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Peru

How Peru Overtook Colombia As Top Cocaine Producer

Though reports say Peru has surpassed Colombia as world's top source of cocaine, it has not faced the same kind of violence. Is Lima turning a blind eye toward drug trafficking?

Lima police with more than 900 kg of cocaine seized in two raids in Aug. 2011
Lima police with more than 900 kg of cocaine seized in two raids in Aug. 2011
Pascual Gaviria

BOGOTA — The four administrative departments in Peru’s so-called VRAE — the Valley of the rivers Apurímac and Ene) — lie between flatlands and the rainforest and produce 200 tons of cocaine every year, making it the world’s premier cocaine production district. By comparison, the whole of Colombia produces about 300 tons of cocaine annually.

But while the two countries have this crop in common, the prevalence of armed gangs and violence as a result of coca cultivation and processing is very different in our two Latin American countries. Somehow Peru has been spared the kind of bloodshed that drug trafficking has caused in Colombia. This, even though the VRAE is home to mafia groups and Maoist Shining Path guerrillas, who move amid the coca-growing peasantry between revolutionary decadence and the bonanza of drug trafficking.

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FOCUS: Russia-Ukraine War

Hide-And-Seek Of Drone Warfare, A Letter From Ukraine's Front Line

A member of the Ukrainian Armed Forces writes his account of the new dynamic of targeting, and being targeted by, the invading Russian troops, as drones circle above and trenches get left behind.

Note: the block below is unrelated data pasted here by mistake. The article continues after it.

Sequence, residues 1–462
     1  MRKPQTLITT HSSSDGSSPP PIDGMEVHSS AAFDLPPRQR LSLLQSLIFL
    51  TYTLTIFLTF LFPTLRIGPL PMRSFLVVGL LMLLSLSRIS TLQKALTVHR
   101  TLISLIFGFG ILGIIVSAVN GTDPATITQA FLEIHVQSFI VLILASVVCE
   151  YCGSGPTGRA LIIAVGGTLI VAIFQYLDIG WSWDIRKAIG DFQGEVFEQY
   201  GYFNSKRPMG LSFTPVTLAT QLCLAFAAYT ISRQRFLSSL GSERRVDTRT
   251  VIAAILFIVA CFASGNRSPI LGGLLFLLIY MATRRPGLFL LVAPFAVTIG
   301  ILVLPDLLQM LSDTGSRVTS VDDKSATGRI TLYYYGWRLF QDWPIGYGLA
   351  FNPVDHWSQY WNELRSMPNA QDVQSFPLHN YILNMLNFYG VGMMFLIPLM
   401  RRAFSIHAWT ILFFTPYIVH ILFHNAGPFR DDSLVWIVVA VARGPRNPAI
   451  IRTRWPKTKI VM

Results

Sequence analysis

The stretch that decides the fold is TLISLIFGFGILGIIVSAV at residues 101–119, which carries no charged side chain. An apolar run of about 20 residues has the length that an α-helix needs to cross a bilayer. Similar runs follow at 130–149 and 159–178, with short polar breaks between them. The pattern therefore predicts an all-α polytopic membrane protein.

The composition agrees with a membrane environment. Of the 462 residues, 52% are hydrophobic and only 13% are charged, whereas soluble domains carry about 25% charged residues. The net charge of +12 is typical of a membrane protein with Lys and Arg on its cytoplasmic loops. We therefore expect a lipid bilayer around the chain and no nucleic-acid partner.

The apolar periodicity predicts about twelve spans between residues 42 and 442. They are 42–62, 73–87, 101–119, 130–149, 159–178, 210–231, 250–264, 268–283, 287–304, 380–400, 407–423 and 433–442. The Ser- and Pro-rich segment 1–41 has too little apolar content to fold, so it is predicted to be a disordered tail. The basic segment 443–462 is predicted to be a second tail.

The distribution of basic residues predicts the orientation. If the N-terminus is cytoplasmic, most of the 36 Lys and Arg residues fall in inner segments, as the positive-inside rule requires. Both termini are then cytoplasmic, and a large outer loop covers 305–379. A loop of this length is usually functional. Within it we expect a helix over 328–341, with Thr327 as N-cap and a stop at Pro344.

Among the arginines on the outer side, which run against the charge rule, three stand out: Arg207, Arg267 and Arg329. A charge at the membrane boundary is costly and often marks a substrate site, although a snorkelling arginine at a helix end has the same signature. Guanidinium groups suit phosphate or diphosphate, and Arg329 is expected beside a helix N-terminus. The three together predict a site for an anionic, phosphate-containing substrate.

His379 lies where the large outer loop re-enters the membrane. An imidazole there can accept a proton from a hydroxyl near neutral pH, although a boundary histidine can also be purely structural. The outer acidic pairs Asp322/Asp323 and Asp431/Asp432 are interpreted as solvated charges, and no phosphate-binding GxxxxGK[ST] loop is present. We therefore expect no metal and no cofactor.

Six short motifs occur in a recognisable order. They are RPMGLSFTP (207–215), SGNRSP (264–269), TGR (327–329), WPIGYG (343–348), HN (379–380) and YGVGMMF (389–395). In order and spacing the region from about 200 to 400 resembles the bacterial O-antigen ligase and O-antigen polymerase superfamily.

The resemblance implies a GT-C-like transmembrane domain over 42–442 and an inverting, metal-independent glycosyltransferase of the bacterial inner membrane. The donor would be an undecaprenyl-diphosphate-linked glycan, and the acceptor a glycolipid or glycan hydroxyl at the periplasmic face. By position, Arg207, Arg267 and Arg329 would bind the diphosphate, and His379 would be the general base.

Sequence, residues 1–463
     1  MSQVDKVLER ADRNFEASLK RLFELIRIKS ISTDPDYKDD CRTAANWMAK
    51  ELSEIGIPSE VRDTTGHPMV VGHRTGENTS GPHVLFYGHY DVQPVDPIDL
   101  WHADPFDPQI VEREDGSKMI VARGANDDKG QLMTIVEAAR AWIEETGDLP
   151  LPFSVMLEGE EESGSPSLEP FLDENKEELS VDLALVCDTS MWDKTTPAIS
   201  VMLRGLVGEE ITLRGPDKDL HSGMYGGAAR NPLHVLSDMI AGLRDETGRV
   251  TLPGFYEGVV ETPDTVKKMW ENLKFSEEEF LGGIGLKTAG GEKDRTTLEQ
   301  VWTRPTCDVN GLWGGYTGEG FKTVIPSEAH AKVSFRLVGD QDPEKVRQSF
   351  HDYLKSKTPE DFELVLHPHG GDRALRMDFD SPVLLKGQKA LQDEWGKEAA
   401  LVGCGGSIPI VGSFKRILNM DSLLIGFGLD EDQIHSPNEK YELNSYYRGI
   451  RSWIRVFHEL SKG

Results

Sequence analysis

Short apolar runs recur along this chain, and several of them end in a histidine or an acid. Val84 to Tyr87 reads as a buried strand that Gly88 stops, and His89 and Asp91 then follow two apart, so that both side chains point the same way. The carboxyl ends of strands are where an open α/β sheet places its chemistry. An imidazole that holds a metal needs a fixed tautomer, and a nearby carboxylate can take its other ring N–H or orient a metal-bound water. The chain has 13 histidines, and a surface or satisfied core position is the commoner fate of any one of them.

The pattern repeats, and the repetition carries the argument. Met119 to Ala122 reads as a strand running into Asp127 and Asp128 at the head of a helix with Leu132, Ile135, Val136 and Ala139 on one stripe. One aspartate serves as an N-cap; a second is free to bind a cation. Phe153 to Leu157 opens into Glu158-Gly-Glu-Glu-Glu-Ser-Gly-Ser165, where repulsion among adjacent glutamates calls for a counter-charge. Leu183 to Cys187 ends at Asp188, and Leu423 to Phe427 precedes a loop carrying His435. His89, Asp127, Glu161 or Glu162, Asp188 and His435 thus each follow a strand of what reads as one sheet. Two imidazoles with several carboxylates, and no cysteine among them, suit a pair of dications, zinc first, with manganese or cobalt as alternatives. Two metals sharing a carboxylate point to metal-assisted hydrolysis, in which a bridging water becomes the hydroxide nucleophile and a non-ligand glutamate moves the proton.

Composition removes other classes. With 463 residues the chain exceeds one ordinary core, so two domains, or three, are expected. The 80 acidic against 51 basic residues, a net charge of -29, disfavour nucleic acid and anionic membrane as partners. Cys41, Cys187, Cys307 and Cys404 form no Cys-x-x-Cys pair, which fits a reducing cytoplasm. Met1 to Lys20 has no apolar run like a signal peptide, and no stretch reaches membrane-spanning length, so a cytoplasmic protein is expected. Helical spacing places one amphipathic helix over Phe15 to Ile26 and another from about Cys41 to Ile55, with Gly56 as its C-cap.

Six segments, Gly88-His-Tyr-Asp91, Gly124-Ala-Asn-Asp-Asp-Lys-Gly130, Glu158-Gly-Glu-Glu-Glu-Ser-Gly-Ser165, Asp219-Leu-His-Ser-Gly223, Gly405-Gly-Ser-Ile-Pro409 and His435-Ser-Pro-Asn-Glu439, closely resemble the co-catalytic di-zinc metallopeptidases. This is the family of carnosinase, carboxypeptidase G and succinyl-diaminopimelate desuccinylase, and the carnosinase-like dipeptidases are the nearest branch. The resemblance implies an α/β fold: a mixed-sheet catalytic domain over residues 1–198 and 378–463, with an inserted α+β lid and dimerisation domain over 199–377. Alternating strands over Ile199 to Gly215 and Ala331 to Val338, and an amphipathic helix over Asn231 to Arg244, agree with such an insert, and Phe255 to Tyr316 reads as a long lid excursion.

A Ukrainian military drone operator during a testing of anti-drone rifle in Kyiv.

Igor Lutsenko*

KYIV — The current war in Ukraine is a game of hide-and-seek. Both sides are very well-stocked with artillery, enough to destroy the enemy along many kilometers. Swarms of drones fly through the air day and night, keeping a close eye on the earth's surface below. If they notice something interesting, it immediately becomes a target. Depending on the priority, they put it in line for destruction by artillery.

Therefore, the only effective way to survive is to hide, or at least somehow prove to the drones your non-priority status — and avoid moving to the front of the 'queue of death.'

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In general, the nature of this queue is a particular thing. It may seem to be a god, but is instead a simple artillery captain's decision of when to have lunch, and when to fire on the house where several enemy soldiers are staying. It's just a handful of ordinary people (observers, artillerymen) deciding how long their enemies will live depending on their own schedule or the weather, the availability of ammunition or if they're feeling tired.

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Central to the tragic absurdity of this war is the question of language. Vladimir Putin has repeated that protecting ethnic Russians and the Russian-speaking populations of Ukraine was a driving motivation for his invasion.

Yet one month on, a quick look at the map shows that many of the worst-hit cities are those where Russian is the predominant language: Kharkiv, Odesa, Kherson.

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